Federal Employment Is Finally Back to Pre-Sequester Levels

Months of hiring means agencies now employ more workers than when Obama took office.

Federal agencies have started hiring at a significant clip following years of cutting their rolls, bringing total federal employment back to levels not seen since across-the-board budget cuts went into effect.

Agencies have added 41,000 employees in the last year, including 3,000 in July. Including the U.S. Postal Service, the federal government employed 2.79 million workers at the end of last month, the highest number since April 2013, according to data from the Bureau of Labor Statistics.

Federal employment has dropped precipitously since the 2011 Budget Control Act triggered sequestration in March 2013, bottoming out at 2,726,000 civilian workers in May 2014. That marked the lowest number of federal employees at any point in the Obama administration and in the past 10 years. Consecutive two-year budget deals, struck in late 2013 and late 2015, have staved off the full impact of BCA spending caps and allowed agencies to start hiring again.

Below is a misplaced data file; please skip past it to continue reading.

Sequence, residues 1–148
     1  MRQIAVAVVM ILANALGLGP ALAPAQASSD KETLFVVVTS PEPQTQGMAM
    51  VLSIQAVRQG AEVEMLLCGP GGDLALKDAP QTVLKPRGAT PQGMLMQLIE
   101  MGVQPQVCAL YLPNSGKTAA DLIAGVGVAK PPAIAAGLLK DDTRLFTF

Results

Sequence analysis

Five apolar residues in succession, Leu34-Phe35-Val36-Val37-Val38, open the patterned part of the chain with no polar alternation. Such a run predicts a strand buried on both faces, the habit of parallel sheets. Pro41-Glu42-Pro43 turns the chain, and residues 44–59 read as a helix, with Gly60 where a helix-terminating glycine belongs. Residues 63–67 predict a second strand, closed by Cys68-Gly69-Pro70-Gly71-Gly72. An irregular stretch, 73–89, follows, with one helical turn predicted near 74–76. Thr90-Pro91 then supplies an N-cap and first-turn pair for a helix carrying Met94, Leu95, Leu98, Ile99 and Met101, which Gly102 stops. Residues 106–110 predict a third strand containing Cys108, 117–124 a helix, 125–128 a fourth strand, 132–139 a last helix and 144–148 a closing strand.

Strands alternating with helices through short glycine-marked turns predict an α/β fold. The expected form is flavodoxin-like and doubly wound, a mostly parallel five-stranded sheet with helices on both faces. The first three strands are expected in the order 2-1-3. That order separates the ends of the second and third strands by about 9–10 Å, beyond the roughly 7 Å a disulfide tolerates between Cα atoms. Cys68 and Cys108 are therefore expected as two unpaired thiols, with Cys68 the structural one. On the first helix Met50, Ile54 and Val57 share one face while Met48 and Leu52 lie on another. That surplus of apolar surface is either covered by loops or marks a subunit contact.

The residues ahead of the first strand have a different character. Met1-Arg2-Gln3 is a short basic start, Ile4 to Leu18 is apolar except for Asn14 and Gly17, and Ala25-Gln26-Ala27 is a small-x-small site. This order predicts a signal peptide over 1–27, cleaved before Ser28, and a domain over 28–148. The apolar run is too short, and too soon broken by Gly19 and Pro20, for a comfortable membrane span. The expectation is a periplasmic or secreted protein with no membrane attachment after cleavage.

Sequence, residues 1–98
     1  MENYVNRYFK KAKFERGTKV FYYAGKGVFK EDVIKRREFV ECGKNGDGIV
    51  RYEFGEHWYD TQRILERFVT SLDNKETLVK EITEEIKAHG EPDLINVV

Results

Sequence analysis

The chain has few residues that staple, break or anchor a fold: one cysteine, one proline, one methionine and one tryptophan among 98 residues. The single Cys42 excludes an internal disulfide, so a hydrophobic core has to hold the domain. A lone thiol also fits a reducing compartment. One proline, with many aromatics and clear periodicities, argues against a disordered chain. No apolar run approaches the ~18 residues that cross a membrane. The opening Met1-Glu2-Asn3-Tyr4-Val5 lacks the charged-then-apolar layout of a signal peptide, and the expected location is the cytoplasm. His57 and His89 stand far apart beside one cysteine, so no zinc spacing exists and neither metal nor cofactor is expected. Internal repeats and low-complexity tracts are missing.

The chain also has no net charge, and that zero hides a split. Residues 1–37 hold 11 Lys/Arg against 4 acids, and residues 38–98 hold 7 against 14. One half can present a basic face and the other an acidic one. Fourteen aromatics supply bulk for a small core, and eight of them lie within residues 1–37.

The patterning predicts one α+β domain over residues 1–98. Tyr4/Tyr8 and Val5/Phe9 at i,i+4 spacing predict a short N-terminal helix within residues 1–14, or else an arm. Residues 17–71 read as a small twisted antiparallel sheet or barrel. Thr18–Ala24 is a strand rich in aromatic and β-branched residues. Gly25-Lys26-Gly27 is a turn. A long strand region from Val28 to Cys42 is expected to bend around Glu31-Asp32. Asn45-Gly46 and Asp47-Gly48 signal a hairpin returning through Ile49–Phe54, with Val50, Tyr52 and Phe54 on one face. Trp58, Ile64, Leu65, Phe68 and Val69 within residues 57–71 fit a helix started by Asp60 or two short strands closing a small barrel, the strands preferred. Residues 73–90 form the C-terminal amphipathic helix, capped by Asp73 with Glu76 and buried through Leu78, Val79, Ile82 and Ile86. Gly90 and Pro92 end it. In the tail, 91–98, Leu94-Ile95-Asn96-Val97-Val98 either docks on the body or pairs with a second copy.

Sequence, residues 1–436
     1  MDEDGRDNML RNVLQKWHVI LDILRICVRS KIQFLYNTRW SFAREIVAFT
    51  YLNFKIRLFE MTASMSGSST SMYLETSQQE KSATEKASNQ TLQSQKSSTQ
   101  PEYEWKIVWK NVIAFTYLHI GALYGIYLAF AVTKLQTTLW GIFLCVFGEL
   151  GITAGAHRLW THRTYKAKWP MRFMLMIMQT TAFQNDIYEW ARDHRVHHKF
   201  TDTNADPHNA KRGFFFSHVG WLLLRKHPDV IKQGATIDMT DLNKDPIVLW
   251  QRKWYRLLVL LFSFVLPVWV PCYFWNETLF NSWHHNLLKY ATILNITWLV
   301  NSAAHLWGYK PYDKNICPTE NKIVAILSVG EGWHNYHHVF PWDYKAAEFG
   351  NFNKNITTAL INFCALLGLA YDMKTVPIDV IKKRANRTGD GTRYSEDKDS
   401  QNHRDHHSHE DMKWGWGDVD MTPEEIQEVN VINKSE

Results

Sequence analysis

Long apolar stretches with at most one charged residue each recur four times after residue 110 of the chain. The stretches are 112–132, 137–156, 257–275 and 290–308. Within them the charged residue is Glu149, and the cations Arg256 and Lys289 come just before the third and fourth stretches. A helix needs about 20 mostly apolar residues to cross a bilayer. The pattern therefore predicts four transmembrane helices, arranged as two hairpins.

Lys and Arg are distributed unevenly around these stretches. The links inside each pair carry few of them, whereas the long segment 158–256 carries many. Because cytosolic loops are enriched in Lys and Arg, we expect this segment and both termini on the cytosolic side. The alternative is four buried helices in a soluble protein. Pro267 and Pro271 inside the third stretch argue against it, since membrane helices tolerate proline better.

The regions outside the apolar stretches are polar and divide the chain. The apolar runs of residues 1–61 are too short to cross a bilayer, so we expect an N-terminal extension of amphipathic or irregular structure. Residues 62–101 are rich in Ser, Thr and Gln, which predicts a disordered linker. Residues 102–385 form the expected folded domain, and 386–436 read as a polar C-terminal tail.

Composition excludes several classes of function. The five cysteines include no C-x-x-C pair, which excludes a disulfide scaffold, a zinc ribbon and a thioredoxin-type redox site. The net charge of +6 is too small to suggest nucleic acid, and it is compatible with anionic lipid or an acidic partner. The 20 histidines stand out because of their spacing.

Previously, agencies governmentwide were forced to institute partial hiring freezes that reduced the size of their workforces through attrition. Federal employment has grown for 13 consecutive months, however, and the workforce is now larger than when President Obama took office.

The job numbers were aided by USPS, which employs 15,000 more workers than it did a year ago. The agency has been mostly adding or keeping steady its employment figures for the last two years, after more than a decade of shedding workers.

Non-postal agencies have added 26,000 jobs in the last year, including 17,000 in 2016. Excluding the 2010 hiring surge required for the decennial census, civilian employment still falls below the Obama administration high points seen throughout 2011 and 2012.

The chart below shows a snapshot of federal employment levels in July of each year of the Obama administration.